The border is tougher to cross than ever. But there’s still one way into America
Nick Miroff and Carolyn Houten, The Washington Post, October 24, 2018

“They know the quickest path to a better life in the United States is now an administrative one – not through mountains or canyons but through the front gates of the country’s immigration bureaucracy.”

Mexican Enforcement

Piden apoyo para atender a quienes solicitan refugio 
Fabiola Martinez, Periodico La Jornada, March 20, 2019 

“El funcionario pidió apoyo financiero y operativo porque para atender esta situación el amor o el apoyo espiritual y moral no es suficiente”.

Ausencia del Estado, principal causante de la crisis de inseguridad en Tenosique: Misión Civil de Observación Red TDT
Red TDT, March 17, 2019 

” … es muy claro que los operadores de las políticas de seguridad y del sistema de justicia en todos sus niveles carecen de voluntad política para atender a las víctimas. Los testimonios describen la falta de condiciones, indolencia y trato burocrático que revictimizan e impide atender los fenómenos delictivos de manera eficaz”.

Invertir en desarrollo es una gran idea para frenar la migración
Zacarias Ramirez Tamayo, Forbes Mexico, March 20, 2019

“En el mundo, hay 258 millones de personas en situación de movilidad humana […] Los migrantes son también grandes aportantes a la economía de su país de origen y a la de su país de destino, donde cada migrante dispone, en promedio, de 85% de sus ingresos”.

Mexico launches search for 19 missing migrants 
Associated Press, The Washington Post, March 13, 2019 

“In addition to the 19 seized last week, 25 other were kidnapped last month from a different bus, for a total of 44.”

Kushner, Mexican president hold talks on migration, trade 
Channel NewsAsia, March 21, 2019

“In response to Trump’s attacks on Mexican and Central American immigrants, Lopez Obrador is proposing the US fund US$5 billion in development projects in Mexico and US$5 billion in Central America to fight poverty and violent crime in the region, the main drivers of migration.”

En Tijuana, arrestan a 7 secuestradores de migrantes 
Said Betanzos, Milenio, March 17, 2019 

“… los implicados contactaban a sus víctimas en las inmediaciones del aeropuerto de la ciudad, en donde les ofrecían llevarlos de manera ilegal a Estados Unidos por 12 mil dólares (200 mil pesos)”.

Root Causes

Chronicling the Reasons Central Americans Migrate to the United States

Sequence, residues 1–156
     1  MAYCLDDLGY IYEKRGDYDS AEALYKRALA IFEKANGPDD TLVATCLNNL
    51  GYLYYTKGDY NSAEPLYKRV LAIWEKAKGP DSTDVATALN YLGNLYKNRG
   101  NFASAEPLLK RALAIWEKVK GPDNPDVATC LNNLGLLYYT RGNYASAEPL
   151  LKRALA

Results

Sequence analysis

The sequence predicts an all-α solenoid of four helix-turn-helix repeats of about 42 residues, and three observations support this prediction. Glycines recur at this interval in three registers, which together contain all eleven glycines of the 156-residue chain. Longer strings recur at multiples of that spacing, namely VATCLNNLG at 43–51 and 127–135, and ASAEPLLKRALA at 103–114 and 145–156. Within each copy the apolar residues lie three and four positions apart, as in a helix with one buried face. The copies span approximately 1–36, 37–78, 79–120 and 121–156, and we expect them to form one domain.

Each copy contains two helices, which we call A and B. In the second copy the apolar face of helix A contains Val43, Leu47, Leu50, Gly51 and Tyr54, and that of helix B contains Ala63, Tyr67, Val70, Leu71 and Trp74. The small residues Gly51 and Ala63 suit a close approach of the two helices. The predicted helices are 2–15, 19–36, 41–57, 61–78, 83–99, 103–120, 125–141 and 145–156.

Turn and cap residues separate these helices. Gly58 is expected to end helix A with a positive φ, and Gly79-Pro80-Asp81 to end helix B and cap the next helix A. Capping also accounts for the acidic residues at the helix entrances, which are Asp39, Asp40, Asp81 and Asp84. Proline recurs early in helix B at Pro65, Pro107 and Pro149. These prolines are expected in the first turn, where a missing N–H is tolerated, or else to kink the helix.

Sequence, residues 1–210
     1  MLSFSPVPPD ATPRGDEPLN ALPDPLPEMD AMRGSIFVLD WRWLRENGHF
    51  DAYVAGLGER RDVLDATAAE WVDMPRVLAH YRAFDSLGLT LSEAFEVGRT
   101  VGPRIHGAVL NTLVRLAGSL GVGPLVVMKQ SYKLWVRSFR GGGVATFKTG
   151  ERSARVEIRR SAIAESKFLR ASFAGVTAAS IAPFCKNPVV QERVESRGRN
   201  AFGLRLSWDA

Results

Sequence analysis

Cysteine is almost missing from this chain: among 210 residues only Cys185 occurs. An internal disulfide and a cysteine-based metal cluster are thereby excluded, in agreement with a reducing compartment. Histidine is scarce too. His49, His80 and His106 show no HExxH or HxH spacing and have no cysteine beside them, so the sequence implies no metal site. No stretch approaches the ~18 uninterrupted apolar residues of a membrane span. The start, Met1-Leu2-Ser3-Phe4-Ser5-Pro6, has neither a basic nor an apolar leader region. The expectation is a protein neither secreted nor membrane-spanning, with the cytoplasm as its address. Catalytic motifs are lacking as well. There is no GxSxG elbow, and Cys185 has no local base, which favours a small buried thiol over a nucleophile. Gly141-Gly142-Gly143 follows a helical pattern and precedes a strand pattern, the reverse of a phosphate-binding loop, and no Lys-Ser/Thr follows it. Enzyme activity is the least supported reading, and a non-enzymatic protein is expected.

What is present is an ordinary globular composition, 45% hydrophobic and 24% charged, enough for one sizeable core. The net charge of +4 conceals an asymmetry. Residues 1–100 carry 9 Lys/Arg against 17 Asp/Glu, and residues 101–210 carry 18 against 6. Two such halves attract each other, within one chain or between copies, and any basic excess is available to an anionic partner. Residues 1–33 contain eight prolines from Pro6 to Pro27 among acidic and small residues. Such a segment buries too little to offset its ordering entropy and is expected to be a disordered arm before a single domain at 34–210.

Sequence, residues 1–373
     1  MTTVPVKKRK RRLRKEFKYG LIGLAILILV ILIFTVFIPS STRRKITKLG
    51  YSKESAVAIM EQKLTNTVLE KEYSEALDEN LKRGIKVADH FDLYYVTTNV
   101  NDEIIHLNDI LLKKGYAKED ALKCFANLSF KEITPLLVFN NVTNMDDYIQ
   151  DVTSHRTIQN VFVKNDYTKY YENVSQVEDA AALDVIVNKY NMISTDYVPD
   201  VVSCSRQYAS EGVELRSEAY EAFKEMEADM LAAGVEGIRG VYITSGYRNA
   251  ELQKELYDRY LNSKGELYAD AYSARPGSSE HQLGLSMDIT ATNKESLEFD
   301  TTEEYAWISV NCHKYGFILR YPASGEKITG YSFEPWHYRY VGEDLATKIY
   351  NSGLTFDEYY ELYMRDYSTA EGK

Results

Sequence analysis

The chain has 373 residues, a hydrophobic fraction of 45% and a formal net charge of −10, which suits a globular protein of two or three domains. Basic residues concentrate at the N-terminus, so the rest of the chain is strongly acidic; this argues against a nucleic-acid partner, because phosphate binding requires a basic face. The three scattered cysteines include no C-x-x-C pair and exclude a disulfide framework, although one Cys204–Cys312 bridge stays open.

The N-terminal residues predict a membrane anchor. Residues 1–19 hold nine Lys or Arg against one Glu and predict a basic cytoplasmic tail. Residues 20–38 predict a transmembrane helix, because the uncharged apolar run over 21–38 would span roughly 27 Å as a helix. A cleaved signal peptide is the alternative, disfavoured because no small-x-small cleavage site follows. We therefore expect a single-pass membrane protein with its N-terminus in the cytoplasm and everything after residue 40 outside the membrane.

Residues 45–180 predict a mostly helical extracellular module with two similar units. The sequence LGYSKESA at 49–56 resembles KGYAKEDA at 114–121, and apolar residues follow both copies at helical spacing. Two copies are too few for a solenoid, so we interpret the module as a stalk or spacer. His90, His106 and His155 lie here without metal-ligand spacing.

David Gonzalez, New York Times, March 21, 2019 

“Violence is used as a political force — or just to settle scores — while gangs hold sway over entire neighborhoods. Police officers in San Salvador find themselves under fire — literally — or in cahoots with organized crime.”

Guatemala seeks arrest of former attorney general Thelma Aldana
BBC News, March 20, 2019 

“Ms. Aldana, 63, who is currently out of the country, is wanted on charges of embezzlement, lying and tax fraud. She has denied any wrongdoing.”

Guatemala no es país para defensores: los persiguen, criminalizan y los asesinan 
Nomada, March 22, 2019 

“A partir del 2015 la cantidad de crímenes contra defensores de derechos humanos en Guatemala comenzó a aumentar a afectando principalmente a defensores del territorio y de recursos naturales”.

Journalist shot dead in southern Honduras 
Rappler, March 19, 2019 

“Ninety-two percent of the crimes go unpunished and are not investigated.”

Balas y persecución no aplican: Mecanismo y la Fiscalía de Protección desamparan a periodista amenazada de muerte
German Reyes, Pasos de Animal Grande, March 19, 2019

“El riesgo en que viven los periodistas y defensores de los derechos humanos en Honduras es grave, pero al parecer las autoridades no toman en serio esa situación. En el caso de la periodista Elvir, el Mecanismo de Protección no fue capaz ni de notificarle por escrito la suspensión de sus medidas de protección, sino mediante una llamada telefónica”.

El Salvador considers Amnesty for those accused of crimes during its civil war 
Raymond Bonner, ProPublica, March 21, 2019 

“The move by conservatives in El Salvador’s Parliament comes as 20 former senior military officers have been charged with an array of crimes, including murder, rape, and kidnapping.”